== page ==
A game for 2 players
If you can copy a network without lifting your pen off the paper and without drawing any line twice, then it is traversable. Decide which of these diagrams are traversable.
Euler discussed whether or not it was possible to stroll around Koenigsberg crossing each of its seven bridges exactly once. Experiment with different numbers of islands and bridges.
An article for teachers and pupils that encourages you to look at the mathematical properties of similar games.
Square numbers can be represented as the sum of consecutive odd numbers. What is the sum of 1 + 3 + ..... + 149 + 151 + 153?
The sum of the numbers 4 and 1 [1/3] is the same as the product of 4 and 1 [1/3]; that is to say 4 + 1 [1/3] = 4 × 1 [1/3]. What other numbers have the sum equal to the product and can this be so for. . . .
Consider all two digit numbers (10, 11, . . . ,99). In writing down all these numbers, which digits occur least often, and which occur most often ? What about three digit numbers, four digit numbers. . . .
What would you get if you continued this sequence of fraction sums? 1/2 + 2/1 = 2/3 + 3/2 = 3/4 + 4/3 =
Take any two positive numbers. Calculate the arithmetic and geometric means. Repeat the calculations to generate a sequence of arithmetic means and geometric means. Make a note of what happens to the. . . .
Find some examples of pairs of numbers such that their sum is a factor of their product. eg. 4 + 12 = 16 and 4 × 12 = 48 and 16 is a factor of 48.
This article for teachers describes several games, found on the site, all of which have a related structure that can be used to develop the skills of strategic planning.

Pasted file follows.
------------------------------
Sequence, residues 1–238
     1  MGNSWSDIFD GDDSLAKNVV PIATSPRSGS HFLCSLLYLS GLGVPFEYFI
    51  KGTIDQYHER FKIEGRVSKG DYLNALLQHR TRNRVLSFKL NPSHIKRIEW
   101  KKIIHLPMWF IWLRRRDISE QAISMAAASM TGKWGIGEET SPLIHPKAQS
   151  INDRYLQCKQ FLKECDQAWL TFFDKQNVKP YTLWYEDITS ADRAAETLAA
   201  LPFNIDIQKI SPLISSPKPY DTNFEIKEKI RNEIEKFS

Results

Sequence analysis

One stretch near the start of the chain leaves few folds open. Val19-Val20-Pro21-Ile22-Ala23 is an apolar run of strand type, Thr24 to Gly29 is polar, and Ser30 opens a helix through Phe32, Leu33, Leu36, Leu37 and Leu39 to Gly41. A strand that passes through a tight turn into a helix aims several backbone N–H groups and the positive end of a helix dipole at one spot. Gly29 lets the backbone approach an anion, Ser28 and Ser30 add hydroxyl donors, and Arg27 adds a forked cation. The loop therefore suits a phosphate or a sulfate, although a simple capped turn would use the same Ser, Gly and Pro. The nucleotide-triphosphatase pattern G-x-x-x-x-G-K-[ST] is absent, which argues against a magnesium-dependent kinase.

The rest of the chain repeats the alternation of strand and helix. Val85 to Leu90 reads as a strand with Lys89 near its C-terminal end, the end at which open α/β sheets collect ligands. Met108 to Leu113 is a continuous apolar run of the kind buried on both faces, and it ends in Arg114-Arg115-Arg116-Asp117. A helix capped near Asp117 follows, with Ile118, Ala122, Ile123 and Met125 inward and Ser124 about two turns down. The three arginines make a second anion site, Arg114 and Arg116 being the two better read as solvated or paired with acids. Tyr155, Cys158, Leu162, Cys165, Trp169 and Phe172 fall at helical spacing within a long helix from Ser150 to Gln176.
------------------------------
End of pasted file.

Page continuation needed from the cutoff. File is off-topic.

Imagine a large cube made from small red cubes being dropped into a pot of yellow paint. How many of the small cubes will have yellow paint on their faces?
What are the areas of these triangles? What do you notice? Can you generalise to other "families" of triangles?
Start with any number of counters in any number of piles. 2 players take it in turns to remove any number of counters from a single pile. The loser is the player who takes the last counter.
Triangle numbers can be represented by a triangular array of squares. What do you notice about the sum of identical triangle numbers?
Spotting patterns can be an important first step - explaining why it is appropriate to generalise is the next step, and often the most interesting and important.
Can you tangle yourself up and reach any fraction?
Can you explain the surprising results Jo found when she calculated the difference between square numbers?
Can you find an efficient method to work out how many handshakes there would be if hundreds of people met?
Use the animation to help you work out how many lines are needed to draw mystic roses of different sizes.
The Egyptians expressed all fractions as the sum of different unit fractions. Here is a chance to explore how they could have written different fractions.
How could Penny, Tom and Matthew work out how many chocolates there are in different sized boxes?
Imagine we have four bags containing a large number of 1s, 4s, 7s and 10s. What numbers can we make?
Imagine we have four bags containing numbers from a sequence. What numbers can we make now?
Can you describe this route to infinity? Where will the arrows take you next?
It starts quite simple but great opportunities for number discoveries and patterns!